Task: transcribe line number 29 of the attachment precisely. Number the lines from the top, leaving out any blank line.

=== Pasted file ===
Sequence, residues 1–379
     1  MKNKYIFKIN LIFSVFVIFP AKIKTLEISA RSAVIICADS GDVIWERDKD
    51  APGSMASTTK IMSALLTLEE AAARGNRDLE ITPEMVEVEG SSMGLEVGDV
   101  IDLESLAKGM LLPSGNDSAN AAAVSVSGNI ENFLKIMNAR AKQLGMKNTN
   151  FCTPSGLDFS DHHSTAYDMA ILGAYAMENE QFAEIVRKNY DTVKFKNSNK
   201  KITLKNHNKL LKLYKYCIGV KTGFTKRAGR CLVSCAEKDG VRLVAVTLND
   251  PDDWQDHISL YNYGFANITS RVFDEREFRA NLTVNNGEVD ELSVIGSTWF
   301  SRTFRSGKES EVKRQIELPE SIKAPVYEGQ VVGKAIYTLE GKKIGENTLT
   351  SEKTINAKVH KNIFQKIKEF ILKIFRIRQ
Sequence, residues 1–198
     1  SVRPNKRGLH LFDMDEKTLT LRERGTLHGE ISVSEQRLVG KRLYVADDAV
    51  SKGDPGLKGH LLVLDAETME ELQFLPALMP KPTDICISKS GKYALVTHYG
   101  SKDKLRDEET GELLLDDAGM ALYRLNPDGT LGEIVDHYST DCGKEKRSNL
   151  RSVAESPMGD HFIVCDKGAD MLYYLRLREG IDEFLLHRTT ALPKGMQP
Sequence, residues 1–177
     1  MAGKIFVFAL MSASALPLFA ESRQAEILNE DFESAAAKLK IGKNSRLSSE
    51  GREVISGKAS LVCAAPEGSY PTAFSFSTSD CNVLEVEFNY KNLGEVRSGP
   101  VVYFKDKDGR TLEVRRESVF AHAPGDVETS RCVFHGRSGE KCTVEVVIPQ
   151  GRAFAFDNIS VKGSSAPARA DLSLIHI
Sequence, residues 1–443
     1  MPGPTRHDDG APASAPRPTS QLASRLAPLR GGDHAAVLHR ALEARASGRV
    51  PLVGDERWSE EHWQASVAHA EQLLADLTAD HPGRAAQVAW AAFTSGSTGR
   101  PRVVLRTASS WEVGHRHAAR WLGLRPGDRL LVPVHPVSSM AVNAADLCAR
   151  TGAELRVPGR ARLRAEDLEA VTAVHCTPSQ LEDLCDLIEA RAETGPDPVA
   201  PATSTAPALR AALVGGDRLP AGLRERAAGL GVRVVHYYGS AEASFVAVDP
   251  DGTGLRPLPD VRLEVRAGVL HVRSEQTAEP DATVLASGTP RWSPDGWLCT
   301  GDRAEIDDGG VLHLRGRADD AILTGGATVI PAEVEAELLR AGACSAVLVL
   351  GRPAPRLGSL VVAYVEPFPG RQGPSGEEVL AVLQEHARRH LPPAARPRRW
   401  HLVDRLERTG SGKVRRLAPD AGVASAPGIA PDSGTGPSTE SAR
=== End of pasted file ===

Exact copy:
   401  HLVDRLERTG SGKVRRLAPD AGVASAPGIA PDSGTGPSTE SAR